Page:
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Californian reminder: 5 points to remember for the elections

Strict pandemic policy gets big victory

Newsom’s aggressive actions to slow the spread of the coronavirus – the same restrictions that helped boost recall elections – received a significant boost on Tuesday night, proving Democrats across the country that a strict policy on pandemic may be good policy.

Newsom nodded in his remarks to reporters on election night, stating that even though people voted ‘no’ this vote meant they were saying ‘yes to science, yes to vaccines … yes to the end of this pandemic “.

This, more than any other lesson from California, is most likely to permeate further elections later this year and into 2022 – helping Democrats who have pushed tough coronavirus measures to curb the continued spread of the disease. Delta variant facing a small but noisy opposition.

Newsom has staked his campaign on his strict Covid measures, using them to attack Elder as lax on the pandemic, contrasting himself with Republican governors in Texas and Florida and working fully alongside the new vaccine requirements Biden announced just days before election day.

“We saw Delta’s surge as a real turning point in this campaign,” said Sean Clegg, Newsom’s top quarterback. “What Delta has highlighted is what is at stake in this election when a party has fundamentally become an anti-science, anti-vaccine and anti-public health party.”

A Newsom vs Elder 2022 race?

Californian reminder: 5 points to remember for the elections

In the same breath as he acknowledged Newsom’s defeat from the encore on stage Tuesday night, Elder hinted at another run next year, in the California governor’s normally scheduled run.

“We may have lost the battle, but we are going to win the war,” Elder said.

This could be a headache for Republicans in California.

The party had other options – including former San Diego Mayor Kevin Faulconer – that might have been less objectionable to moderate and Democratic voters. But state conservatives have rallied to Elder, the radio host with a long list of inflammatory comments that Newsom has picked up on. His campaign presented the race as a choice between two candidates, one of whom was very out of step with California’s overwhelming Democratic majority, rather than a simple upward or downward referendum on the governor.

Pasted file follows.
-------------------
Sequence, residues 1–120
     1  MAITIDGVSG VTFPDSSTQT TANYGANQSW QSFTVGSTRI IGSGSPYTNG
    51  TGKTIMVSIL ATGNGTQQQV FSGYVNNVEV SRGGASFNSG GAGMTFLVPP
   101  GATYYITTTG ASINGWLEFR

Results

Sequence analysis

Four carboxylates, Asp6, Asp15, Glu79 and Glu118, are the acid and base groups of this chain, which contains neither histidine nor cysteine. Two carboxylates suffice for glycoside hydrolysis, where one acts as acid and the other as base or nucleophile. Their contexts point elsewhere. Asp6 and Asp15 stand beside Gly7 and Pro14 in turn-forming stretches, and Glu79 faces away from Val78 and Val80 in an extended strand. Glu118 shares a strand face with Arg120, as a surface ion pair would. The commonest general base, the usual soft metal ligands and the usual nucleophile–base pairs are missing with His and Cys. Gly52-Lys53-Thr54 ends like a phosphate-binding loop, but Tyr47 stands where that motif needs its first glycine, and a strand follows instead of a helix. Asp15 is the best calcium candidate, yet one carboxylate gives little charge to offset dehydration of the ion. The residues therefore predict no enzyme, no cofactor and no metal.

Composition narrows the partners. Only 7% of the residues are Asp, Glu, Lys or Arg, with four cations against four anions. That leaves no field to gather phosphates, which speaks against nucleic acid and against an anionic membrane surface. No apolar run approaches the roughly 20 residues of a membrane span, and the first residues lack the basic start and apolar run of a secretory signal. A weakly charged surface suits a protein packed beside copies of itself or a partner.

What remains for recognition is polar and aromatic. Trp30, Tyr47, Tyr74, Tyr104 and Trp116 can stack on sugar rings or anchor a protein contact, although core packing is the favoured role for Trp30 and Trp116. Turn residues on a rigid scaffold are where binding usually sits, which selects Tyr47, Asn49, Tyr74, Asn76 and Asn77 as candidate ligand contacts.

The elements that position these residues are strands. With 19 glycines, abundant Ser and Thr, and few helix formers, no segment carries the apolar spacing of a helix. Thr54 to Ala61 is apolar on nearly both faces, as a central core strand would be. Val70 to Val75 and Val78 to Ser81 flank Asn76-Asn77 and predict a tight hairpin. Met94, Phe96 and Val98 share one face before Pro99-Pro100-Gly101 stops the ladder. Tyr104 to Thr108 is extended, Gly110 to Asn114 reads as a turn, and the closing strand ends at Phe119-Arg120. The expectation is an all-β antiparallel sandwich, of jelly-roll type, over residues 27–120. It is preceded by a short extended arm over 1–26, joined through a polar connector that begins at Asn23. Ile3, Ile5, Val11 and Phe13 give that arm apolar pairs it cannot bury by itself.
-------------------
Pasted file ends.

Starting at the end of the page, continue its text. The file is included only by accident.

Yet Elder, who if elected would be California’s first black governor, galvanized conservatives in a state where Republicans are nearly powerless. He could be a leading voice in the GOP in the upcoming midterm elections.

“As a former radio host let me say this: stay tuned,” Elder said Tuesday night.

California classes are limited

Many of the lessons Democrats across the country can learn from the recall’s defeat are much less definitive – complicated both by the fact that this state, with its nearly 2-1 registration advantage for Democrats, bear little resemblance to most of the key races in 2022 and which are reminiscent of elections by nature create unique electoral conditions.

Newsom advisers were quick to assert that National Democrats would be wise to follow their lead – urging them to tie their opponents to Trump, as the governor has done, and nationalize the races to raise the stakes.